from The American Heritage® Dictionary of the English Language, 5th Edition.
- noun Water condensed from atmospheric vapor and falling in drops.
- noun A fall of such water; a rainstorm.
- noun The descent of such water.
- noun Rainy weather.
- noun A rainy season.
- noun A heavy or abundant fall.
- intransitive verb To fall in drops of water from the clouds.
- intransitive verb To fall like rain.
- intransitive verb To release rain.
- intransitive verb To send or pour down.
- intransitive verb To give abundantly; shower.
- idiom (rain cats and dogs) To rain very heavily.
from The Century Dictionary.
- To fall in drops through the air, as water: generally used impersonally.
- To fall or drop like rain; as, tears rained from their eyes.
- To pour or shower down, like rain from the clouds; pour or send down abundantly.
- noun A ridge.
- noun A furrow.
- noun An obsolete spelling of rein.
- noun The descent of water in drops through the atmosphere, or the water thus falling.
- noun Figuratively— A fall of any substance through the atmosphere in the manner of rain, as of blossoms or of the pyrotechnic stars from rockets and other fireworks.
- noun A shower, downpour, or abundant outpouring of anything.
- noun Synonyms Rain, Haze, Fog, Mist, Cloud. A cloud resting upon the earth is called
mistor fog. In mist the globules are very fine, but are separately distinguishable, and have a visible motion. In fog the particles are separately indistinguishable, and there is no perceptible motion. A dry fog is composed largely of dust-particles on which the condensed vapor is too slight to occasion any sense of moisture. Haze differs from fogand cloud in the greater microscopic minuteness of its particles. It is visible only as a want of transparency of the atmosphere, and in general exhibits neither form, boundary, nor locus. Thus, among haze, fog, mist, and rain, the size of the constituent particles or globules is a discriminating characteristic, though frequently cloud merges into fog or mist, and mist into rain, by insensible gradations.
from the GNU version of the Collaborative International Dictionary of English.
- obsolete Reign.
- intransitive verb To fall in drops from the clouds, as water; -- used mostly with
itfor a nominative.
- intransitive verb To fall or drop like water from the clouds.
- transitive verb To pour or shower down from above, like rain from the clouds.
- transitive verb To bestow in a profuse or abundant manner.
- noun Water falling in drops from the clouds; the descent of water from the clouds in drops.
- noun (Meteorol.) a dark band in the yellow portion of the solar spectrum near the sodium line, caused by the presence of watery vapor in the atmosphere, and hence sometimes used in weather predictions.
- noun (Zoöl.) the yaffle, or green woodpecker. [Prov. Eng.] The name is also applied to various other birds, as to
Saurothera vetulaof the West Indies.
- noun (Zoöl.) the channel-bill cuckoo (
Scythrops Novæ-Hollandiæ) of Australia.
- noun an instrument of various forms for measuring the quantity of rain that falls at any given place in a given time; a pluviometer; an ombrometer.
- noun (Zoöl.), [Prov. Eng.] the red-throated diver, or loon.
- noun (Geol.) markings on the surfaces of stratified rocks, presenting an appearance similar to those made by rain on mud and sand, and believed to have been so produced.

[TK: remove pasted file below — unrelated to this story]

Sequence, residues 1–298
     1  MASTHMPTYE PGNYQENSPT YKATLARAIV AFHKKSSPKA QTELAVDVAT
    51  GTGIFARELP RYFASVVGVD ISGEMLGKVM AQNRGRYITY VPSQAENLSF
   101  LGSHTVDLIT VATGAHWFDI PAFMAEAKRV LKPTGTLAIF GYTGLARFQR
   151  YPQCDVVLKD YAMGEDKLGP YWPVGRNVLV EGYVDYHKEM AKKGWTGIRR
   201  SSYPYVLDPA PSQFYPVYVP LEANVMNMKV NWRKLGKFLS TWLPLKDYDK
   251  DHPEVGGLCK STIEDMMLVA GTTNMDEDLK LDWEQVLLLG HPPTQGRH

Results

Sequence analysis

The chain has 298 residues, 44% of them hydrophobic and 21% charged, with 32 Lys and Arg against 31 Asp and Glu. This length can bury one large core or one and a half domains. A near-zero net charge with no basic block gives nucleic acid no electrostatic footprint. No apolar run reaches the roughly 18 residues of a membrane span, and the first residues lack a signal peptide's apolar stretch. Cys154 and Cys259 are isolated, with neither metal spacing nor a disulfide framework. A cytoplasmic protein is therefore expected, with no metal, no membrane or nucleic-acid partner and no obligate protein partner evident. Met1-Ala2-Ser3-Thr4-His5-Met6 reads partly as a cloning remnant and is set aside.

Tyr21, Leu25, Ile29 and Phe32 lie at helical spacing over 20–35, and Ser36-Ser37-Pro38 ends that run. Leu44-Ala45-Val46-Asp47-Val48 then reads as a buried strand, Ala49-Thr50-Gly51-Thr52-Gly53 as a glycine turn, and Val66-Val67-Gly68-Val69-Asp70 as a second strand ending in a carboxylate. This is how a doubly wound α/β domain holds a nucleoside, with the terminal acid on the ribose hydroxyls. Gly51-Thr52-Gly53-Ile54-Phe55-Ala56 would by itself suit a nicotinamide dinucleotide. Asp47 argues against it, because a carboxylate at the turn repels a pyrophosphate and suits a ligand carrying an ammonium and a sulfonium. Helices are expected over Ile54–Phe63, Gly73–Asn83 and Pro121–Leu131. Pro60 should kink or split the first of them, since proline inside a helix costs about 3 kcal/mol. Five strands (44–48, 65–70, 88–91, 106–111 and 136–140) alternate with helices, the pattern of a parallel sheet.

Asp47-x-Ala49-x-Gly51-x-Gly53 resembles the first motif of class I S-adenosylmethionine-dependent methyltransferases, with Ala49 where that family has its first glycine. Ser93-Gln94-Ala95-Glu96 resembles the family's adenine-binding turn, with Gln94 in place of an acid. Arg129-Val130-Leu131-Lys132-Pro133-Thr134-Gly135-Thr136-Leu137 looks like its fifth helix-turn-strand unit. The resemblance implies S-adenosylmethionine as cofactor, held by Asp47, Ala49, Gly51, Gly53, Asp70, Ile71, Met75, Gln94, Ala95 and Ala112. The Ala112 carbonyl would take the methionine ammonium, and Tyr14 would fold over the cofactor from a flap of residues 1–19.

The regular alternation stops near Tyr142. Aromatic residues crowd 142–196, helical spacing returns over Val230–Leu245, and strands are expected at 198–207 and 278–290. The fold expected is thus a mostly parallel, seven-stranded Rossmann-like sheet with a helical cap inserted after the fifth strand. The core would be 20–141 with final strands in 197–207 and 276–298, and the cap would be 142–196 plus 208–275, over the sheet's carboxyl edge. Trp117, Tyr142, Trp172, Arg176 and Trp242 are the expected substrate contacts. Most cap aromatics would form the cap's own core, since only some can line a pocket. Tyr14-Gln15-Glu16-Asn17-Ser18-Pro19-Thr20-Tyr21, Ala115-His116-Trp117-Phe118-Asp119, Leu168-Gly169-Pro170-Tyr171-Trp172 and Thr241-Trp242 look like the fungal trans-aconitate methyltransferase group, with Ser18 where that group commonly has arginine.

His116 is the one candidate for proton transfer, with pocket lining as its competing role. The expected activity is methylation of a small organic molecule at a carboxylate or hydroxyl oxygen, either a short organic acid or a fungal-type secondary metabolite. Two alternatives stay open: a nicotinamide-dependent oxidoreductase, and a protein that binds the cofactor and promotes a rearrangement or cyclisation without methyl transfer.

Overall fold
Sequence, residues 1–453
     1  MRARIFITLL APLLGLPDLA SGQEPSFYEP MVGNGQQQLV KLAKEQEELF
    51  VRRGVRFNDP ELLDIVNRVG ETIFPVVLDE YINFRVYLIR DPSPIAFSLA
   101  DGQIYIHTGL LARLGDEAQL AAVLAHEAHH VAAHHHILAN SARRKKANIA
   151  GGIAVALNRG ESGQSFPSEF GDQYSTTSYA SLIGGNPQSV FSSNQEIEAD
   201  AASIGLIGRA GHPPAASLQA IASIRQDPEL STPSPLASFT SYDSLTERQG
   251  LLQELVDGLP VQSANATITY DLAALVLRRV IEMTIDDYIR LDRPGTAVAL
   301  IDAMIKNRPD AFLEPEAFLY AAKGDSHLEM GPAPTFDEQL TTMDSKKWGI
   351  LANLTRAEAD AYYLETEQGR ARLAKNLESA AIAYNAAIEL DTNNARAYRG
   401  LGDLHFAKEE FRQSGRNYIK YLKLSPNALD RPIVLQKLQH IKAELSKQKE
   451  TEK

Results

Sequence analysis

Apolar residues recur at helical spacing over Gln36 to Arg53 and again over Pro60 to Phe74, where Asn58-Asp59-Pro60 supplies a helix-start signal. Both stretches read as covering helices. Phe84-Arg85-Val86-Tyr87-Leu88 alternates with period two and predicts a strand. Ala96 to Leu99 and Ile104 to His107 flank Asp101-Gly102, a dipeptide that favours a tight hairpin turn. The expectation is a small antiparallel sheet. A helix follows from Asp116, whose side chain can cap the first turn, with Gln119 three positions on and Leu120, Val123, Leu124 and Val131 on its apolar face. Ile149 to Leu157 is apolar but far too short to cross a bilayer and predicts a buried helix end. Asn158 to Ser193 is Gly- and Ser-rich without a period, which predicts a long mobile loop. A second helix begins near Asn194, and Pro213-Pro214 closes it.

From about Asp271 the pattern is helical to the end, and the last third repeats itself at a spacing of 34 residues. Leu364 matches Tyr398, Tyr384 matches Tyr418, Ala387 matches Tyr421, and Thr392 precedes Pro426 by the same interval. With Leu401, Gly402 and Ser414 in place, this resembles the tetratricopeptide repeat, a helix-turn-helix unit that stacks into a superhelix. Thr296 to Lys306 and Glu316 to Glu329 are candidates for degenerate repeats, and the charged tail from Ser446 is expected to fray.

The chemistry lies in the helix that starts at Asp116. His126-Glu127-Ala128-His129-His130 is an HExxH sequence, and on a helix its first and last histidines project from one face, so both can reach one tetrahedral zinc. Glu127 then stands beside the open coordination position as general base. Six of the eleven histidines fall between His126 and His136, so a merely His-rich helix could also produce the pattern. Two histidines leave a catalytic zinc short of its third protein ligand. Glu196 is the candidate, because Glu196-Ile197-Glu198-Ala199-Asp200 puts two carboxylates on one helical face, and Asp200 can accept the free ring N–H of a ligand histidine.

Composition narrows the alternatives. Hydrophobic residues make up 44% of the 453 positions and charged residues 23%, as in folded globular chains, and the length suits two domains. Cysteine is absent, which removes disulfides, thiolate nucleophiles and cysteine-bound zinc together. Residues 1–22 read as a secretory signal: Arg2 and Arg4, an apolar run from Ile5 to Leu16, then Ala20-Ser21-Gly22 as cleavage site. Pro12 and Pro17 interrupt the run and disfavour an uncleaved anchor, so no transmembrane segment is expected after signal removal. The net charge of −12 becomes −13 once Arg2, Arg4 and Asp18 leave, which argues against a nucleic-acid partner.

- noun (Zoöl.) See
Quail, n., 1.
- noun water that has fallen from the clouds in rain.
from Wiktionary, Creative Commons Attribution/Share-Alike License.
- noun Condensed
waterfalling from a cloud.
- noun figuratively Any matter moving or falling, usually through air, and especially if liquid or otherwise figuratively identifiable with
- noun figuratively An instance of
particlesor larger pieces of mattermoving or fallingthrough air.
- verb impersonal To have rain fall from the sky.
- verb intransitive To fall in large quantities.
- verb transitive To
issue(something) in large quantities.
from WordNet 3.0 Copyright 2006 by Princeton University. All rights reserved.
- noun water falling in drops from vapor condensed in the atmosphere
- noun anything happening rapidly or in quick successive
- noun drops of fresh water that fall as precipitation from clouds
- verb precipitate as rain
from The American Heritage® Dictionary of the English Language, 4th Edition
from Wiktionary, Creative Commons Attribution/Share-Alike License
The fact that we usually are talking about rain in a particular place has to do with the nature of rain and the way humans are concerned with it and conceptualize the phenomena, rather than the syntax of ˜rain.™
Their authority rests above all upon their supposed power of making rain, for rain is the one thing which matters to the people in those districts, as if it does not come down at the right time it means untold hardships for the community.
Rule 55 the umpire is prohibited from suspending play in a match game on account of rain, unless "_rain falls so heavily that the spectators are compelled by the severity of the storm_, to seek shelter."
I had to wait 5 months AND come north a thousand of miles or so to find out that there was a tropical depression and that was the reason for all of the rain in October. (there was so much rain that we were sort of stuck at home - I refused to drive down the mountain unless absolutely necessary because I got stuck once, and I was not about to get stuck in the mud again. * think dirt road/ruts + 30+ days of heavy rain*)
Rains of Fishes: Do fishes fall in rain from the sky?
Plus the rain is a good excuse to stay in and relax.
Plus the rain is a good excuse to stay in and relax.
Inviting people in out of the rain is a totally different thing from people just trying to get out of the rain.
Right now the rain is as heavy as I've ever seen it.
And sometimes the fact that we can dance after the rain is the most remarkable part of all.